• Cilantro is a great ingredient for those who can stand it. I say “stand it” because it seems to be one of those foods that people either love or hate, as proven by I Hate Cilantro blog. I’ve read that for some people, cilantro tastes like soap and that this may be due to a genetic predisposition (see NYTimes article).   I love cilantro and particularly like to use the stems in salsa recipes. They have a stronger flavor than the individual leaves and add great texture to the sauce. With the exception of when I’m using it strictly as a garnish, I’ll often use three quarters of the stems as well as the leaves.
  • Equipment #1: for this recipe you will need a food processor. If you don’t have one, and don’t want to invest in the full size Cuisinart variety, I would recommend buying either a small one, or ideally the food processor and immersion blender duo.   I use the immersion blender several times a week for soups, sauces and smoothies and the small blender is great for spices, garlic and onion when you don’t feel like chopping, and definitely for salsas. I used my large Cuisinart for this recipe because of the quantity but I have done it in several rounds with a mini processor and it worked just fine.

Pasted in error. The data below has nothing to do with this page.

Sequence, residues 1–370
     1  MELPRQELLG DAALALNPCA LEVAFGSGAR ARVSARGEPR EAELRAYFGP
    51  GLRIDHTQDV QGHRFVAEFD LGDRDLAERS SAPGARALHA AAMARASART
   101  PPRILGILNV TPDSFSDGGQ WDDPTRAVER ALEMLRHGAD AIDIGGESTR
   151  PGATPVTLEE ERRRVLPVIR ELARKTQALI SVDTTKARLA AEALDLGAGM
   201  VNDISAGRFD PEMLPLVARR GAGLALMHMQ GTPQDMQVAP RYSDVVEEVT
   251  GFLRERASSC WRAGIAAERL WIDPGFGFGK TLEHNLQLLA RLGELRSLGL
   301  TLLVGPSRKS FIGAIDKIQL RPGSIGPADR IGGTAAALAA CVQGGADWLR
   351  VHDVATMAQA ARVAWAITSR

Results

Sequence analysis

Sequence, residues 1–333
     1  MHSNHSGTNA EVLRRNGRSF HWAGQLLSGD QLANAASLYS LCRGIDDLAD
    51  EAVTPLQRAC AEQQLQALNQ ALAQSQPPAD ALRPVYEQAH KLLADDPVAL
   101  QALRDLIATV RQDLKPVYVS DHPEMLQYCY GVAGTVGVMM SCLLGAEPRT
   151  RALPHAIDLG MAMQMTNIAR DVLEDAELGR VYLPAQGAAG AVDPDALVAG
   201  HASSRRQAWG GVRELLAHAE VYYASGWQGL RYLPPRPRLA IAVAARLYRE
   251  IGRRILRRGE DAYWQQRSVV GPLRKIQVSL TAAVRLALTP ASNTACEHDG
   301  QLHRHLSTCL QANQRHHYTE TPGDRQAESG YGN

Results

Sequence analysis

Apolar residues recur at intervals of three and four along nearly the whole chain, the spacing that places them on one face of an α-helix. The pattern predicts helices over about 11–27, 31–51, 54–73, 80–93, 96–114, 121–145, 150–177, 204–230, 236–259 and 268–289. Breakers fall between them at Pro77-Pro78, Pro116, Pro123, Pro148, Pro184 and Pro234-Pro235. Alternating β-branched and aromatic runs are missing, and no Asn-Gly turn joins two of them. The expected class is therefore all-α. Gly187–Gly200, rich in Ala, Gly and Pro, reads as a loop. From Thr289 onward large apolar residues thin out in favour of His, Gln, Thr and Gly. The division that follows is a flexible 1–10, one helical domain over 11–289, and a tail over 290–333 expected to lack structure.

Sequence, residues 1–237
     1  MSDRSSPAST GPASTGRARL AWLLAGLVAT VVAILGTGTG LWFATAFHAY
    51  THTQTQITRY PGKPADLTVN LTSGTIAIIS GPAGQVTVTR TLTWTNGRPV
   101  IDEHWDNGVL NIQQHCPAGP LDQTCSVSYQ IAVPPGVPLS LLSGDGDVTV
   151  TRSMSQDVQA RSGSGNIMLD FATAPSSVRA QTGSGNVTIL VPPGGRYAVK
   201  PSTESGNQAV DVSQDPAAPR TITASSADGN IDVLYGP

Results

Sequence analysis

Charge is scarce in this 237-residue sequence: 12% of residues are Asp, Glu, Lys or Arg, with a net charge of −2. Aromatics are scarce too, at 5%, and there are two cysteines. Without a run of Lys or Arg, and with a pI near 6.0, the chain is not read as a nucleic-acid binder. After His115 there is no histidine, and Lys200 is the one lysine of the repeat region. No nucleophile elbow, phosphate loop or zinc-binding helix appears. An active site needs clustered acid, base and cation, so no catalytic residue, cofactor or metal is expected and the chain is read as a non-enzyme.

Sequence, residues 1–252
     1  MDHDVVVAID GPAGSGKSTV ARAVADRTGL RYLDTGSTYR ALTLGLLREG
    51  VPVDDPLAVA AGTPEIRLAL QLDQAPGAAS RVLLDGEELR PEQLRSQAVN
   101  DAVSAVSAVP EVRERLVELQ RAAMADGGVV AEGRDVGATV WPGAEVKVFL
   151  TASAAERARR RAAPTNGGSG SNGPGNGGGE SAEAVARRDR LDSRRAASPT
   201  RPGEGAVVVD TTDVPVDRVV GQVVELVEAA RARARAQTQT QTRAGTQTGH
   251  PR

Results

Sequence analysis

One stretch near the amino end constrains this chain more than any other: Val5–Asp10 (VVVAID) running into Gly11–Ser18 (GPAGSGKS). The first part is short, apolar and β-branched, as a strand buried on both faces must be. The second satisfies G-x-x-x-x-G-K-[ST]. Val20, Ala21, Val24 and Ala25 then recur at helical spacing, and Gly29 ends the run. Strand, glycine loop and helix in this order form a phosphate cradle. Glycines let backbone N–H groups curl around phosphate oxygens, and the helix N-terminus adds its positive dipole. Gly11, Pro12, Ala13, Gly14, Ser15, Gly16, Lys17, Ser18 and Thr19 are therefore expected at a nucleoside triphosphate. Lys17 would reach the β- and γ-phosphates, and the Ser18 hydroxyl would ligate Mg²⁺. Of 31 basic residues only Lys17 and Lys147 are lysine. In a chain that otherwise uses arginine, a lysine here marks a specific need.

• Equipment #2: the best way to sear something on the stovetop is by using a cast iron pan. I came late to the cast iron game and am now a full convert. They retain heat, are naturally non-stick (as long as you preheat them), can be used with any utensils (i.e. plastic or stainless steel), and are much less expensive then Le Creuset. Don’t get me wrong, I love Le Creuset and it would work beautifully for this recipe. But at a fraction of the cost, cast iron is a fantastic alternative.
  • It’s possible to get a charred look on your vegetables under the broiler, however, similar to the process of charing an eggplant for baba ganoush, I find that while the clean up is easier and the look deceivingly similar, the taste is not as smoky.  I also find that for salsas in particular, you really want to be able to control how cooked your vegetables get, i.e. just barely, and this can be harder in an oven.

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Salsa Verde

A bright yet warm sauce that can be used fresh with chips or as a condiment on sandwiches, as well as cooked with chicken, meat or fish. Make plenty of extra and freeze for your next party.

Quantity: makes approximately three cups.

Time to Prepare: 15-25 minutes depending on the size of your pan.

Ingredients:

A dozen tomatillos, plus or minus a few if you vary greatly in size
1 green pepper, cut into fourths
1 jalapeno, sliced vertically. You can substitute more jalapeno and less green pepper if you like it hotter